"Social Media: Influences on Education is a must-read for anyone interested in social media's impact on education and social justice. Grounded in the latest research, Griffin and Zinskie offer an informed, critical perspective on key issues – children’s social media use, cyber-harassment, misinformation, social justice through social media, professional networking, and more – as social media pervades every aspect of our lives. Educators, parents, students, activists and social media users everywhere, if you’re invested in education and social justice, this book is for you!"
Christine Greenhow, Associate Professor
Michigan State University
Introduction, Marlynn M. Griffin and Cordelia D. Zinskie. SECTION I: YOUTH AND COLLEGE STUDENTS. Social Media Use and Cyber-Harassment Among Undergraduate College Students, Terry Diamanduros, Elizabeth Downs, and Bryan W. Griffin. Investigating Intentionality in Preservice Teachers’ Personal and Professional Social Networking Site Usage, Adrie A. Koehler, Erin D. Besser, and Daniela Castellanos-Reyes. Social Media Use Among 9- to 11-Year-Old Children and School Principals’ Leadership Practices, Jeremy Sanbrooks and Barbara Brown. SECTION II: PROFESSIONAL DEVELOPMENT IN CONTENT AREAS. “Sharing is Caring”: Extending the Professional Learning Community Using Social Media, Yvonne Liljekvist, Ann-Christin Randahl, Jorryt van Bommel, Erika Sturk, and Christina Olin-Scheller. English Language Arts Teachers’ Experiences Using Social Media for Instruction, Sage E. Sirotkin. “I Just Saw it on Facebook, So That Isn’t True”: How the Omnipresence of Social Media Complicates History Education, William Toledo. SECTION III: HIGHER EDUCATION LEARNING. Exploring Learner–Content Interactions in a University Course Through Social Media Use, Christianna Andrews. The Relationship Between Social Network Sites and Perceived Learning and Satisfaction for Educational Purposes: A Systematic Review and Meta-Analysis, Daniela Castellanos-Reyes, Yukiko Maeda, and Jennifer C. Richardson. SECTION IV: SOCIAL JUSTICE AND ACTIVISM. Learning About Social Justice Through Social Media: A Review of the Literature, Rebecca Buchanan, Ethan Geheb, and Moriah Weitman. Social Media Connections Between Educators and Advocacy Networks: The Twitter Activity of Teacher Activist Groups, Tricia Niesz and Rebecca D’Amato. About the Editors.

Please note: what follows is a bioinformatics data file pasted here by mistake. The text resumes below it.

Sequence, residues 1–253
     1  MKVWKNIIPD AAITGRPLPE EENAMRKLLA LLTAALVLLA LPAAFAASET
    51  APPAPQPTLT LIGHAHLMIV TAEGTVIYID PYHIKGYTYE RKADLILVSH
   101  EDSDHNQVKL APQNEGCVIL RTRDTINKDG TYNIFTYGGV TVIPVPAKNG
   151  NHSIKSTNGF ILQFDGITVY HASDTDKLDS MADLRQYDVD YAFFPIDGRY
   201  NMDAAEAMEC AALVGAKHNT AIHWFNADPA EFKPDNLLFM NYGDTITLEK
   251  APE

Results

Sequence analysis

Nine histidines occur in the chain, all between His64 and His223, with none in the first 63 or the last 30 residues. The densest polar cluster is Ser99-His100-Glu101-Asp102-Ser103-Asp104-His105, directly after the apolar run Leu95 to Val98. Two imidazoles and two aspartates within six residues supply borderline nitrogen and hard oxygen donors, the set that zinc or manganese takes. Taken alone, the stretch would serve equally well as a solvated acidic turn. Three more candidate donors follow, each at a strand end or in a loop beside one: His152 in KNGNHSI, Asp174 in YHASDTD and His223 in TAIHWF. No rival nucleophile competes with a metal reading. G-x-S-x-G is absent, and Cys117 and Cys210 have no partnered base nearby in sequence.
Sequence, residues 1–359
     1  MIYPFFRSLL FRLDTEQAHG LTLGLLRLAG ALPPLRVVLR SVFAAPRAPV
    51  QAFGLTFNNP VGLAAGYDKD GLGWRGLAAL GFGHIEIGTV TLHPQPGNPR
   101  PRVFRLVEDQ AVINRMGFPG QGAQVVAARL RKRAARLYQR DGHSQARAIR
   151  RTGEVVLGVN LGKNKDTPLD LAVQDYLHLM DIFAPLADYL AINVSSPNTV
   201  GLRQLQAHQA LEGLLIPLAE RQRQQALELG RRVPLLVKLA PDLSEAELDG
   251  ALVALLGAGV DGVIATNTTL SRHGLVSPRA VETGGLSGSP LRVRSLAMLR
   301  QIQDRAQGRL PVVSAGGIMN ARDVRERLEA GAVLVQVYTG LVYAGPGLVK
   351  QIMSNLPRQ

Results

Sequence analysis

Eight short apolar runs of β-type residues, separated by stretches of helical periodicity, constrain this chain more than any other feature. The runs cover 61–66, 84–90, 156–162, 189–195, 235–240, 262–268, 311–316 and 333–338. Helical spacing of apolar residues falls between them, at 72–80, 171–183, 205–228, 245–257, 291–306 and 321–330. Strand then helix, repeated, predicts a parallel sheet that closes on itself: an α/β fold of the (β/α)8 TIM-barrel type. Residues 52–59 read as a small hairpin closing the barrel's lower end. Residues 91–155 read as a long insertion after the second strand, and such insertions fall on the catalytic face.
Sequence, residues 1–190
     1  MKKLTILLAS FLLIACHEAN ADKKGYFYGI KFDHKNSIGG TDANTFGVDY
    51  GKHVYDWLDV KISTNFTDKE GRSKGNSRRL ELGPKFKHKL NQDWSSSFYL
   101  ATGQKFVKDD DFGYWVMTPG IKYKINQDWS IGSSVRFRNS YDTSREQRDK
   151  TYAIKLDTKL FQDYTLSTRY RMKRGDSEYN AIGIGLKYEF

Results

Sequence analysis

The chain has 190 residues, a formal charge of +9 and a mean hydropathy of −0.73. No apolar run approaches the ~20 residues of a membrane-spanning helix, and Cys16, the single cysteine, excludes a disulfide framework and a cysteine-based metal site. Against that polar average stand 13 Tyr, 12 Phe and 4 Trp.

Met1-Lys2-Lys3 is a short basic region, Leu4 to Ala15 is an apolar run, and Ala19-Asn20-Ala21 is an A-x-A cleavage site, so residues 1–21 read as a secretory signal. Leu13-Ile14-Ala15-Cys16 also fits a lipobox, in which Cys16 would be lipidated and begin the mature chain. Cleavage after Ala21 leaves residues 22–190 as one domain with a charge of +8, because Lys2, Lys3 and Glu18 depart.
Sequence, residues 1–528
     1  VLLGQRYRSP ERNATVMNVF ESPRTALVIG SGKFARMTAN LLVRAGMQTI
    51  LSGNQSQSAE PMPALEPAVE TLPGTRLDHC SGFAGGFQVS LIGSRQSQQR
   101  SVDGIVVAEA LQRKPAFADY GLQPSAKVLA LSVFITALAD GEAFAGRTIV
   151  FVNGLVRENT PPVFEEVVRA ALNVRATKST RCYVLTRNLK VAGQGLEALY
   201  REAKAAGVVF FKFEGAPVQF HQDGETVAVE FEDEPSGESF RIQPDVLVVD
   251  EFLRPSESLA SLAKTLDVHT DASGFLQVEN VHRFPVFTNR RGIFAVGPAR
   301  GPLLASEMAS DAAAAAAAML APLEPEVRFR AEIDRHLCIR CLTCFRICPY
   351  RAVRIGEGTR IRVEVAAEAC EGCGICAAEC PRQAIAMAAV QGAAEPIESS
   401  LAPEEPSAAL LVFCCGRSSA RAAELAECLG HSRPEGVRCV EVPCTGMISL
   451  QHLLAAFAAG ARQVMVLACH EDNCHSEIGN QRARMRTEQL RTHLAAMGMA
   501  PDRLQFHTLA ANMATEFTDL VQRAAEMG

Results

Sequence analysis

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- EDU040000 - EDUCATION: Philosophy & Social Aspects
- EDU046000 - EDUCATION: Professional Development
- EDU021000 - EDUCATION: Non-Formal Education
- Assessment of Higher Order Thinking Skills
- Learning Through Visual Displays
- Misinformation and Fake News in Education
- Recent Innovations in Educational Technology that Facilitate Student Learning
- Teachers’ Personal Epistemologies Evolving Models for Informing Practice
- Technology-Based Assessments for 21st Century Skills Theoretical and Practical Implications from Modern Research
- Use of Visual Displays in Research and Testing Coding, Interpreting, and Reporting Data